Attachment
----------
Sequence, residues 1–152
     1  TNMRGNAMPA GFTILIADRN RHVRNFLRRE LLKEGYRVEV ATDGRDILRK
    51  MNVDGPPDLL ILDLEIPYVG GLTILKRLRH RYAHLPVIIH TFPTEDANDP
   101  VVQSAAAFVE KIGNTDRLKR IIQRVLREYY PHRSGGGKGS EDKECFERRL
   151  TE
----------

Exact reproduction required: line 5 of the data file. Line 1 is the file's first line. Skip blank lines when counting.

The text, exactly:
   151  TE